Even though I knew that he was ill for a long time, his death comes as a shock to me. Later, we three also spent time together in Africa, while shooting for My Love (1970). He still had the same charm and wit. It was like one big, grand and continuous work-party. One thing that always struck me about him was that he never left the sets once he was there. But you could see that his heart wasn’t content with being just an actor. On the sets, we would indulge in a lot of banter. We have lost a phenomenal role model. He was a very kind human being, someone who really looked after his crew. In the film industry, people move on after a film but the Kapoors and we have always been friends. But after her, he wasn’t the same person. He would never go to his room and leave instructions to call him when the shot is ready. Complied by Dipti Nagpaul D’souza, Ektaa Malik, Dipanita Nath For all the latest Entertainment News, download Indian Express App He also produced the film. This tradition of being welcoming, bonding, strength and courage was what Shashi taught his children as Prithviraj Kapoor had taught his. He wanted to contribute in a much greater way, even as a producer. I had just started dating Tiger (Mansoor Ali Khan Pataudi) when we were shooting for Aamne Samne (1967) in Shimla. It took some time but he paid them all back. So today, it’s a friend I have lost. Tiger visited me on the sets where he met Shashi; they instantly became friends. I could see that even though he was confined to a wheel chair, he still had the same zest for life and his eyes still twinkled with the same intelligence. That also made him a wonderful producer. Shashi’s contribution towards theatre is also commendable. He didn’t let Prithvi whither off after Jennifer. What I remember him most for is his smile. On the sets, he was very funny and hands-on. As opposed to his on-screen persona of being very dignified and stately, he was very mischievous on the sets, always cracking everyone up. After Waqt, we worked together in many projects, such as Suhana Safar (1970), Anari (1975), Swati (1986). He would introduce himself saying, ‘Hi, I am Shashi Kapoor’, and I would say, ‘So sorry to hear that’. He had a vision and understanding of what is good. Some of his performances in the mainstream have been as charming and touching as his portrayals in non-mainstream have been realistic. Amitabh Bachchan was supposed to do Utsav (1984) but when he had an injury, Shashi stepped in. He spoke to everyone, from the director to co-actors, line man and the spot boy. Waqt (1965) was our first film together and the song Din hai bahaar ke, shot in Nainital, became very popular among the youth and we became icons of sorts. On the sets he would never behave like the star he was, he would talk to everyone. He was an honourable man who is loved by everyone in the industry, not one person will have a bad thing to say about him. Our car broke down and we were stranded close to a forest. He told me that if I could extend, the junior artistes will get paid for another half shift. He said, “Kya baat hai, badi achchi lag rahi hai” in the same flirty way that he used to earlier. Once the project started, the faith between the director and the producer was total. Govind Nihalani, filmmaker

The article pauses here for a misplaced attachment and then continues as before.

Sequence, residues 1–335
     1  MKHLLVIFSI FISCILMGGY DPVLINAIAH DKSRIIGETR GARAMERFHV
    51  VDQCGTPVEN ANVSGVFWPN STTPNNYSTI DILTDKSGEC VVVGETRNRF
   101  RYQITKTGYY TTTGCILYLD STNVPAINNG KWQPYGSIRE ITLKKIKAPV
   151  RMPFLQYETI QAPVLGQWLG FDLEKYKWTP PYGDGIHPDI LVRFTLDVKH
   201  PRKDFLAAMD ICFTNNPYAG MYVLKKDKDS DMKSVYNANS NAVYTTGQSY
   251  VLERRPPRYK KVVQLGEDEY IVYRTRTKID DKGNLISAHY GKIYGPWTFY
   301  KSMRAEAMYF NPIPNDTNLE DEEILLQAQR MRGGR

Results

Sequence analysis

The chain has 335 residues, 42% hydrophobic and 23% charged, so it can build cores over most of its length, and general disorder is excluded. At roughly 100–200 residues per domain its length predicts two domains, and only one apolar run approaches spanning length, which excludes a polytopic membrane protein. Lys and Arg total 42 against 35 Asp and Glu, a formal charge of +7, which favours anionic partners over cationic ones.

He was without doubt a very good actor and one without prejudice towards any kind of cinema. Shashiji — who had stayed behind with Jennifer (his wife) — actually came looking for us because he was told that there were bears in the forest. He was extremely helpful and humble. Jennifer and Shashi were passionate about theatre and have left behind their legacy in Prithvi Theatre. I wish the youth of India really knew him as I did. Read | Shashi Kapoor: Handsome star, modern lover, he sought to be different